Hello to my favorite avocados!
So, my last post was about why you should try going vegetarian for at least one meal per day because of how it’s great for the environment.
(Oh, heads up: when I say meat, I mean everything that is normally considered meat except for seafood – I will never tell someone not to eat fish because everyone should always eat fish.)
But, the issue with trying to appeal to people’s inner environmentalist is that, tbh, the environment is not the most important thing for some people. You know what is important, though? Your health. So let’s talk about why cutting back on meat is good for your body!
Animal proteins usually mean more fat
Americans eat a lot of protein. Like, more than what is recommended. And one key source of this protein is meat – red, white, all of it. It is recommended that males get 56 grams and females get 46 grams per day – but, the National Health and Nutrition Examination Survey found that the average person consumes twice this on a daily basis.
But, that doesn’t matter too much because research has shown that there are few clear-cut bad things about consuming protein – still, keeping your intake in the recommended range is not a bad idea at all.
The issue with this is that animal proteins are often high in fat – like meat! Eating a diet high in fat – especially saturated fat – can lead to obesity, heart disease, diabetes, and potentially certain types of cancer. Cutting out meat for just one meal – at least red meat – can greatly reduce the amount of fat you consume per day.
For those people out there who are concerned that they will have to start chugging protein shakes after lunch: do not worry – there are plenty of low-fat protein options such as soybeans (but watch out for the estrogen in those) or milk (which has shown to protect against cardiovascular diseases despite its fat content) out there just for you.
It’s not necessarily the protein that is bad – although it wouldn’t hurt to swap out the soybeans for some broccoli – but the fat that comes with it.
Red meat consumption increases cancer risk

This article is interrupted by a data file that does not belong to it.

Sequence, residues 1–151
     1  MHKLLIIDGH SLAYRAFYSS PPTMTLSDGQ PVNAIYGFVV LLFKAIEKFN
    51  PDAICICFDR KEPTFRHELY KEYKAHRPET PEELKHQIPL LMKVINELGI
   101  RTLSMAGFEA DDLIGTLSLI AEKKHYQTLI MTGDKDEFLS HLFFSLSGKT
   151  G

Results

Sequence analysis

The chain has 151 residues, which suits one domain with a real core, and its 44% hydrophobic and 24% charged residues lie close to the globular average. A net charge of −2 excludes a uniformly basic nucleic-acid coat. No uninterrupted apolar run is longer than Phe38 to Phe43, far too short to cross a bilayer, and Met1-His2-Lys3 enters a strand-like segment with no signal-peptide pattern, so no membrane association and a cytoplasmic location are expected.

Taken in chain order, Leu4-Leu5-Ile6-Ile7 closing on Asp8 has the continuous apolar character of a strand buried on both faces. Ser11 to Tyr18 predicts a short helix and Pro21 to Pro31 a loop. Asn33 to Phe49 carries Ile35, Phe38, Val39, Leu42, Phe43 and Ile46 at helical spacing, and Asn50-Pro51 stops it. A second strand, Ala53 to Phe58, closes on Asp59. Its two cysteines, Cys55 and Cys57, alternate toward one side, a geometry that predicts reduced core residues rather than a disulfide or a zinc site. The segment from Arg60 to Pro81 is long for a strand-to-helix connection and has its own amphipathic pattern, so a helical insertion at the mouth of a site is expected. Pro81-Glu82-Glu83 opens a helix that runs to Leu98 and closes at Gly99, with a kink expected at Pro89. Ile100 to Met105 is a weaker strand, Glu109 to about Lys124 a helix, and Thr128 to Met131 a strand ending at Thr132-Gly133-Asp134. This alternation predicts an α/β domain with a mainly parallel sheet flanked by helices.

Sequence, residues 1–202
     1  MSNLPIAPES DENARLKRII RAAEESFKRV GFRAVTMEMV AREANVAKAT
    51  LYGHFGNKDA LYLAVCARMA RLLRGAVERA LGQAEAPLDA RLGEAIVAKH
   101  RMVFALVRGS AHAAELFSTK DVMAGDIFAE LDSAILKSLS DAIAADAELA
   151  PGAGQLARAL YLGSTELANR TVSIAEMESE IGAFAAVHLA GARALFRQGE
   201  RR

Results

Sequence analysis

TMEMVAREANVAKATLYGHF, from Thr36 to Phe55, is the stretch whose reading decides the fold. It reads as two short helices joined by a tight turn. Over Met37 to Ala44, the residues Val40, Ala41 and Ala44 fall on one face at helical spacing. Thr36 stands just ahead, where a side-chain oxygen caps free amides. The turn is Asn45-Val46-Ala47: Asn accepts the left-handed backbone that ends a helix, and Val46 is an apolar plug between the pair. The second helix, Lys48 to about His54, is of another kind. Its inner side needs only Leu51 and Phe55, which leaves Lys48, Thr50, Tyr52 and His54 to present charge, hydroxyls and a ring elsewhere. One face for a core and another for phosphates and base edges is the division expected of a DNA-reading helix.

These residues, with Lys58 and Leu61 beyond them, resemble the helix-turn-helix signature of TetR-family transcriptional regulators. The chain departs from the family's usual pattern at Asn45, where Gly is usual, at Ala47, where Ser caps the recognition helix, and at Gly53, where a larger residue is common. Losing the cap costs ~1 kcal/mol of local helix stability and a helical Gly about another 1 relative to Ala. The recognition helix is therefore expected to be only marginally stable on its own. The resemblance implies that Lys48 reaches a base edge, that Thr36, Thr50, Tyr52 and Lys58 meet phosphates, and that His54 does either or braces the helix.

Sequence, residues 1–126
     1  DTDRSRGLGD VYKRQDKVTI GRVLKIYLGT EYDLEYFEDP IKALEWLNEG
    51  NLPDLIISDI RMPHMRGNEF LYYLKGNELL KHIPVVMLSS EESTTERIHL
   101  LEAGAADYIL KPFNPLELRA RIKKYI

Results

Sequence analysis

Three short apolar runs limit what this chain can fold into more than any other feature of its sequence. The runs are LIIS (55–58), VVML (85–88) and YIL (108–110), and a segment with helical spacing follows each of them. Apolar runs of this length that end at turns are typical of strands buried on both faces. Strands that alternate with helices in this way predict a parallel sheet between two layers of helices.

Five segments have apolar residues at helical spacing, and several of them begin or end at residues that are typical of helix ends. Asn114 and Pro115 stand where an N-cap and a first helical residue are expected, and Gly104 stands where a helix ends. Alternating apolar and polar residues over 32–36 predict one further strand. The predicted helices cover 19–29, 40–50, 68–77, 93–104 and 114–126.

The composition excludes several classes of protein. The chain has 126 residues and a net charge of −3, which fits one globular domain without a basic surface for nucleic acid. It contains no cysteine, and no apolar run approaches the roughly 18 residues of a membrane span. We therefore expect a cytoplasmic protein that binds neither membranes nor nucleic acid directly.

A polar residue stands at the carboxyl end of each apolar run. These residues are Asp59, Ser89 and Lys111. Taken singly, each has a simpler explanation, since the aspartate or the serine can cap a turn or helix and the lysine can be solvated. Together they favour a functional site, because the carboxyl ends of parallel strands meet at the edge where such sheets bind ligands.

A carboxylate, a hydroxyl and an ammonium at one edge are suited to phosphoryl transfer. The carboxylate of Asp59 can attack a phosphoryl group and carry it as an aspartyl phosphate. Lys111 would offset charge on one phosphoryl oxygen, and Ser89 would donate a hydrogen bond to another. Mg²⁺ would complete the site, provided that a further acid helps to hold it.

According to the US Department of Agriculture, Americans are one of the top meat consumers in the world and eat an average of 71 pounds of red meat per year. Also, recently the World Health Organization released information linking red meat to colorectal cancer. The article does not contain much information about why the connection exists (because it’s one of those things where you either have to pay or be a scientist to read it) but the study showed that this risk increases as you eat more meat.
So, this is not saying you should stop eating red meat at all because the risk will be small if you don’t consume it as often. This is because red meat contains a lot of great nutrients such as iron (speaking of iron, you should check out my post on iron deficiency because literally so many people are slightly anemic). But, on the flip side, if you want iron there are a lot of vegetables that can provide that without some of the drawbacks.
Searching for stuff to fill your plate is an adventure
Disclaimer: do not over analyze your lunch – eat the ice cream, drink the soup, do not fear the pizza. This is not me telling you that you need to think more about what you’re eating and start replacing bread with piles of spinach.
Basically, when you’re searching through the cafeteria for some meatless stuff, reading all the labels and poking at salads that will probably have bacon in them, you will discover vegetables, pita bread, tomato soup, and hummus – and it will be glorious.
I went for about three weeks straight without eating meat at lunch and over that time period I ate a bunch of stuff that I normally never even think about shoving in my mouth because my plate was filled with something non vegetarian.
Here’s the thing with telling people how to eat – almost everything has benefits, drawbacks, possible substitutions etc so there isn’t a right way to eat. I’m not going to tell you that red meat and protein and fat are all horrible for your health because they’re not!
But, if you get the help the environment and improve your health in certain ways without completely giving up meat, then maybe skipping out on meat for one meal is something you will try.
Do it! Next week. It will be great. Good luck on your adventures in the foliage – I hope you discover the wonders of a meatless lunch.